Baha’u’lllah: Title, meaning “Glory of God,” assumed by Mirza Husayn-‘Ali Founder of the Baha’I Faith. Born on 12 November 1817, He declared His Mission as the Promised One of All Ages in April 1863 and passed away in Acre, Palestine on 29 May 1892 after 40 years of imprisonment, banishment, and house arrest. Baha'u'llah’s writings are considered by Baha’is to be direct revelation from God. Baha’u’llah’s title is recorded in the Persian Bayan of the Bab. Baha’is refer to Him with a variety of titles, including the Blessed Beauty, the Blessed Perfection, the Ancient Beauty..

Bahiyyih Khanum: (1846-1932) The saintly daughter of Baha’u'llah and Asiyih Khanum who beseeched her father to allow her to remain unmarried in order to devote herself to the service of His Faith. Baha’u'llah gave her the title of "the Greatest Holy Leaf," and she was designated as the outstanding heroine of the Baha’i Dispensation.

Balal: An Ethiopian slave in Mecca, illiterate and despised, but transformed by his recognition of Muhammad. The Prophet gave him the task of calling the Faithful to prayer, and he became the first Mu’adhdhin of Islam. As he stammered and mispronounced the Arabic letter 'Shin' as 'Sin', he could not give the call correctly, but the perfection of his heart atoned for the fault of his tongue.

Bani-Hashim: The family to which Prophet Muhammad belonged.

Bell, Alexander Graham: (1847-1922) ‘Scottish inventor and teacher of elocution and speech correction. He went to live in Canada in 1870. He developed a method of teaching speech to the deaf and in 1873 became professor of vocal physiology at Boston University. In 1876 he obtained a patent for the telephone, which he developed during long evening sessions with the mechanic Thomas Watson. His other inventions included the photophone, a device that transmitted sound on a beam of light, and the graphophone, which recorded sound on wax discs.’ At the time of ‘Abdu’l-Baha’s visit he lived in Washington DC.

Beloved of Martyrs, the: Title given to Mirza Muhammad-Husayn, who was martyred along with his brother Mirza Muhammad-Hasan-known as the King of the Martyrs -- at the order of Shaykh Muhammad-Baqir of Isfahan.

Bosch, John: (1855-1946) California vintner who became a Baha’i in 1905 and subsequently changed his profession. His property at Geyserville, California, was used as a permanent Baha'i summer school from 1927 and was deeded to the American National Spiritual Assembly in 1936.

Bourgeois, Louis: (d. 1930) French-Canadian architect who became a Baha’i in the winter of 1906-7 and moved to West Englewood, New Jersey, to assist in the development of the Baha’i community. His design was chosen for the Mahriqu’l-Adhkar in Wilmette.

Breed, Alice Ives: (b. 1851) Well-known society and club woman of Boston and one of the early Baha’is in the United States. She was the wife of Francis W. Breed and the mother of Florence Breed, who married Ali Kuli Khan.

Brown, Professor Edward Granville: (1862-1926) Distinguished British orientalist from Cambridge who studied and published many books and articles on the Babi and Baha’i religions and who had four interviews with Baha’u’llah in 'Akka in 1890. He is best known to Bahi'is for his pen-portrait of Baha'u'llah.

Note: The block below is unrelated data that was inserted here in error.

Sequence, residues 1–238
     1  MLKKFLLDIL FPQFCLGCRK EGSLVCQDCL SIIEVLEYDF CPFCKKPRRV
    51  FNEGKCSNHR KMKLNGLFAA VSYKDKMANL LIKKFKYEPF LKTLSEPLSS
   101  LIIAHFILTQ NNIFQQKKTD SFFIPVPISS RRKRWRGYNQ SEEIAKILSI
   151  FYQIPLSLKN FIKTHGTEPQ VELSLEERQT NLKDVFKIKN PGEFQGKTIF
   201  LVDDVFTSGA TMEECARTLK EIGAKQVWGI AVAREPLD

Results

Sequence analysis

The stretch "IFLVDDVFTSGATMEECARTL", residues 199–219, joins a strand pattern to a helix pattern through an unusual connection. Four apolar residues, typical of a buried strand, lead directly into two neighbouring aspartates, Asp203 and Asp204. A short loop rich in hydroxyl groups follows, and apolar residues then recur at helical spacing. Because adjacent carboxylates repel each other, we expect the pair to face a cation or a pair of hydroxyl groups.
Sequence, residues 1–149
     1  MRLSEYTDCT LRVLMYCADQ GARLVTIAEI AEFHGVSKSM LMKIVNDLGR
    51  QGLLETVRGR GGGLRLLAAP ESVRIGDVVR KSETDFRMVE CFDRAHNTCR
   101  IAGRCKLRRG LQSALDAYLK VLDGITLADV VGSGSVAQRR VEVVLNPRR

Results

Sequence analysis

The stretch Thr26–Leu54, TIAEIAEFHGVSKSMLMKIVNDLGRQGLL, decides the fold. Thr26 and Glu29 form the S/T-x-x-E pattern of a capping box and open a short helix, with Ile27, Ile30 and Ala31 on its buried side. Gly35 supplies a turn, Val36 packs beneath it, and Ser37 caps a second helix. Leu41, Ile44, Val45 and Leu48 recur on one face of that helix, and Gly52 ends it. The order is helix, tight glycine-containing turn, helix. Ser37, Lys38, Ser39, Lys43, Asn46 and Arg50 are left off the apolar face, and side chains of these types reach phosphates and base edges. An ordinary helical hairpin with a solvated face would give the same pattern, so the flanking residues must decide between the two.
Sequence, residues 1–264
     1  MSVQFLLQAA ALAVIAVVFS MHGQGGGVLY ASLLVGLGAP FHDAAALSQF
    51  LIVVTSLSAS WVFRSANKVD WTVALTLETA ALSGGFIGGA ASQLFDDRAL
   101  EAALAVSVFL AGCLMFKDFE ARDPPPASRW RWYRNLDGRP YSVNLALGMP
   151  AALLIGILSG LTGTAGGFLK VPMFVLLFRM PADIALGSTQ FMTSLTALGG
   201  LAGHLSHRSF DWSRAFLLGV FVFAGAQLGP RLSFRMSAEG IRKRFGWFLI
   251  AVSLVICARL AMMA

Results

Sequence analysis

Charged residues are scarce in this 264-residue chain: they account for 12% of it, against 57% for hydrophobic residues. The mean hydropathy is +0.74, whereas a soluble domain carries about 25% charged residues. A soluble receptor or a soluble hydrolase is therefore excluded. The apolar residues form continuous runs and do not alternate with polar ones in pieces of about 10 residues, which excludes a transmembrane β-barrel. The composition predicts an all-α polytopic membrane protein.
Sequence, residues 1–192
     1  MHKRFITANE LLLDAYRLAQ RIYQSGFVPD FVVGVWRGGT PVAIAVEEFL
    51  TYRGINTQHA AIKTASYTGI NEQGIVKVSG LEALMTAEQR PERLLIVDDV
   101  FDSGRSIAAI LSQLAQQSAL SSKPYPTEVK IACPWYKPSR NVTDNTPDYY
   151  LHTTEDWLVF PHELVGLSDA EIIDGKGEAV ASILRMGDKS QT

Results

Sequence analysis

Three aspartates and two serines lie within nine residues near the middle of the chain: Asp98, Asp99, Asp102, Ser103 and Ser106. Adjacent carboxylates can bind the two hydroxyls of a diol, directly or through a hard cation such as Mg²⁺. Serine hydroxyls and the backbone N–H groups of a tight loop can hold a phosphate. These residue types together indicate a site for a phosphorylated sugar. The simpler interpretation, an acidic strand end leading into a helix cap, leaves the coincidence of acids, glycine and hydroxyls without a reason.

Bryan, William Jennings: American politician who became Secretary of State under President Woodrow Wilson. He had tried to visit ‘Abdu’l-Baha while on his travels near ‘Akka but had been unable to do so. 'Although he was defeated three times for the presidency of the United States, William Jennings Bryan was for many years a leader of the Democratic Party and it was his influence that won the Democratic presidential nomination for Woodrow Wilson in 1912. He . . . negotiated treaties with 30 countries, representing three-fourths of the world's population, for investigation of disputes before resorting to war. He published a paper called The Commoner and gave lectures advancing the cause of prohibition, of religion and of morality. Because of his opposition to war, he resigned from offce in 1915 in protest against the sinking of the Lusitania. After the war he moved to Florida and worked to advance moral and religious causes.' Compton’s Encyclopidia, America Online edition, January 1, 1993.

Buddha: Literally Enlightened One: title given to Siddhartha Guatama (c. 6th- c. 4th century B.C.), Whom Baha’is consider to be a Prophet, or Messenger of God. He is recognized as the founder of Buddhism.

Chase, Thornton: (1847-1912) Called by ‘Abdu'l-Baha 'the first American believer', Chase became a Baha’i in 1894 in Chicago and was the principal organizer of the Chicago Baha’i community. He founded the Behais Supply and Publishing Board in 1900, which was incorporated as the Baha’i Publishing Society in 1902. He wrote a number of pamphlets about the Baha’i  Faith, an introductory book, The Baha’i Revelation, and an account  of his pilgrimage in 1907, In Galilee. He was given the name Thabit (Steadfast) by ‘Abdu'l-Baha and was named a Disciple of  ‘Abdu’l-Baha by Shoghi Effendi. His grave site in Inglewood, California, is visited annually by the Baha’is.

Christ: (c. 6-4 B.C.-A.D. 30) Recognized by Baha’is as a Prophet, or Messenger of God, and the founder of Christianity. The Baha’i writings often refer to Christ as "the Spirit of God" and "the Son."

Cooper, Ella: (1870-1951) Prominent American Baha'i teacher who accepted the Faith in 1898 and, with her mother Helen Goodall, helped establish the first Baha’i community on the American West coast, in Oakland. She was among the third group of Western pilgrims to visit 'Akka, in March 1899. After her second pilgrimage in 1908 she and her mother published a small book, Daily Lessons Received at Acca.

Dayyan, Mirza Asadu'llah-i-Khuy: A Babi on whom the Bab conferred the designation 'Dayyan' (lit. 'conqueror' or 'judge'). After the martyrdom of the Bab, a number of His followers turned to Dayyan for guidance. He claimed to be 'He Whom God shall make manifest' but after meeting Baha’u’llah in Iraq he retracted the claim. Mirza Yahya instigated the murder of Dayyan in Baghdad, 'whom he feared and envied'. Dayyan was the third to recognize Baha'u'llah's true station before His Declaration.